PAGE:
Faronics Tech Roundup – September in Review

The realm of cyber security changes very quickly, with new malicious techniques emerging on a regular basis even as mitigation solutions try to keep up. By understanding the threats and solutions that are being created, organizations can better protect themselves. Let’s take a look back at some of the biggest cyber security news that took place in September:

Ransomware-as-a-Service Targets Android Devices

Ransomware-as-a-Service kits are making it easier than ever before for aspiring cyber criminals to create malicious apps and make a quick payday from unsuspecting users. According to ZDNet, hackers simply need to download the Trojan Development Kit app onto an Android phone, follow simple instructions and fill out the forms to create a ransomware program of their own without writing a single line of code. The kit comes with a variety of customization options including keys used to unlock infected devices, the icon used by the malware and animations to be displayed on infected devices.

TDK and other similar kits should be worrying to any security professional. Once attackers pay a one-time fee, they’re free to distribute the ransomware and make as many variants as they want. This offers a capable tool for low-level criminals and seasoned developers alike. Organizations must reinforce app policies and ensure employees know how to spot suspicious programs.

Ransomware-as-a-Service makes it easy for anyone to create a malicious app.

Equifax Breach Affects Millions

Earlier this month, Equifax, one of the three major consumer credit reporting agencies, was hacked, exposing sensitive information for 143 million Americans. Data leaked includes Social Security numbers, driver’s license numbers and other personally-identifiable information. According to The New York Times, there’s a 50-50 chance that you might be affected by the breach. This incident was the third major threat to the agency since 2015, undoubtedly because it represents a one-stop shop for identity thieves to grab the data they need and do real damage.

The breach allegedly occurred due to a vulnerability in Apache software, which was used in a smaller breach of Equifax computer systems in March. According to The Verge, although the relationship between these two incidents remains unclear, they exploited the same security gap because Equifax didn’t fully patch it. Updating systems remains a critical trend in major data breaches, with WannaCry and NotPetya being other major examples. Organizations must learn from these mistakes and ensure their software and hardware are fully patched and up-to-date.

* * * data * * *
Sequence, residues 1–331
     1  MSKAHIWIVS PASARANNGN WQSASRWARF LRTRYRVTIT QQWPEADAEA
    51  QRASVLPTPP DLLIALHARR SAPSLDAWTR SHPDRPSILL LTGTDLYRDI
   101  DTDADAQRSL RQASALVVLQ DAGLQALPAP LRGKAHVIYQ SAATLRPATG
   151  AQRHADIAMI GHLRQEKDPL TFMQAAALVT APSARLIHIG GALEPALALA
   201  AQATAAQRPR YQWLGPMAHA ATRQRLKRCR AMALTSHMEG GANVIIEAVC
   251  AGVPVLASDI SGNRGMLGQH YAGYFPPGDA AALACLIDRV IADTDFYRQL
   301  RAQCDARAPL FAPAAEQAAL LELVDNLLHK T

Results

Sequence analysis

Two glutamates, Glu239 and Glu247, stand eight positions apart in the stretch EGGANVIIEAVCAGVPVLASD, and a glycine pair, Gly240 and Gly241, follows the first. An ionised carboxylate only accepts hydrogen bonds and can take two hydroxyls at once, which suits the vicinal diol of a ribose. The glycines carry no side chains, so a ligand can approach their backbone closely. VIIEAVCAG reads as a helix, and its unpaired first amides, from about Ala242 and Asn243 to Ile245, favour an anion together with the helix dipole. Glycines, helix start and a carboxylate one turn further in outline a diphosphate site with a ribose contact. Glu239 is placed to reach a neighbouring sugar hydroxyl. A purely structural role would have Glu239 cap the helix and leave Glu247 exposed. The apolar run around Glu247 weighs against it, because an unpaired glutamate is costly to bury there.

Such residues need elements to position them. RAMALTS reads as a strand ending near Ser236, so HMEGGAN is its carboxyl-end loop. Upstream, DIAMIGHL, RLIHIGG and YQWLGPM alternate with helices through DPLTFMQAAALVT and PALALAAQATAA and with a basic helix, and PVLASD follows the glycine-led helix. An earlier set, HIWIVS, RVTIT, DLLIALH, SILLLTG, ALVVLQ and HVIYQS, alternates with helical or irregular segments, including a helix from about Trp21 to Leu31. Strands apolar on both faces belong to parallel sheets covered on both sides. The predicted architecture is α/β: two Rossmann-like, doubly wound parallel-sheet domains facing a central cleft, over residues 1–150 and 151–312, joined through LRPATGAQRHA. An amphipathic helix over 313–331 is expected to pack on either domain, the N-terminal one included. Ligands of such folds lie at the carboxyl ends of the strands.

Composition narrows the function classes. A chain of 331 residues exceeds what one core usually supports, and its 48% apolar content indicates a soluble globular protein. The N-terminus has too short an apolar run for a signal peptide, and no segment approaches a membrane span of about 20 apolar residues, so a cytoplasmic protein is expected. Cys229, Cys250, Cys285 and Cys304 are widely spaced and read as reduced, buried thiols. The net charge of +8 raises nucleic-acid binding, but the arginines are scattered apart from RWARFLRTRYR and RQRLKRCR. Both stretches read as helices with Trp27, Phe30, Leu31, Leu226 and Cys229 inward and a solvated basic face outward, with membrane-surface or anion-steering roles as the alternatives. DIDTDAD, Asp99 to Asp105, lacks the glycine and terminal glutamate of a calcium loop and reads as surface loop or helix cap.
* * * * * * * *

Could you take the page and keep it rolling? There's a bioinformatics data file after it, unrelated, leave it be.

New Locky Variants Emerge

Locky, one of the most pervasive and effective ransomware strains ever made, emerged in August with two new strains dubbed Diablo and Lukitus. The ransomware was distributed through the Necurs botnet with Diablo making a big hit on 11,000 infected endpoints across 133 countries, according to Bank Info Security. Like other ransomware methods, Diablo and Lukitus come in the form of files attached to legitimate-looking emails. When a user opens the attachment or downloads the files, the encryption starts running to lock down the machine. Don’t pay the ransom. Instead, take proactive action with backups, anti-executable solutions and reboot-to-restore tools. These will help remove the malicious files and ensure you remain secure.
“Negligent employees remain the biggest cause of data breaches among SMBs.”

Insiders Named Biggest Cause of SMB Breaches

Negligent employees remain the biggest cause of data breaches among SMBs in the U.K. and North America, TechRepublic reported. According to a survey by the Ponemon Institute, 50 percent of respondents experienced a ransomware attack within the past year, and 79 percent of them were carried out through phishing and social engineering methods. In addition, 53 percent of those who were attacked were hit more than once. The report noted that password protection and mobile access to sensitive data were other major issues among SMBs.

As the consequences of breaches and the potential for connected devices rise, organizations must train their employees effectively. Enforcing password policies and creating strong mobile procedures will also be essential. These efforts will help make workers more aware of threats and prevent them.

EU Implements Cyber Security Labels

The European Union recently unveiled a federal initiative to create a new intelligence-sharing agency and roll out EU-wide certificates for trusted networks and devices. These plans are part of a larger effort to respond to cyber attacks and ensure that security becomes a standard, Phys reported. Organizations will no doubt look to gain these certificates for competitive advantage, but they will likely have to meet a number of requirements.

In June 2017, the EU announced a series of strict rules that organizations will need to comply with to protect consumer data. The General Data Protection Regulation requires businesses to ensure that personal data and privacy of EU citizens remain secure for any transactions within the EU member states. Organizations that don’t have a presence in the EU but process the personal data of European residents must also adhere to the GDPR, according to CSO. A majority of U.S. companies believe these changes will force them to rethink their strategies to remain competitive. With the deadline of May 25, 2018, organizations must start preparing now to ensure that they can comply with the emerging EU cyber security and data protection standards.

Suzannah Hastings

Suzannah is interested in all things digital, from software security to the latest technological advances. She writes about ways in which the increasingly internet-driven landscape changes our lives, and what we can expect in the future.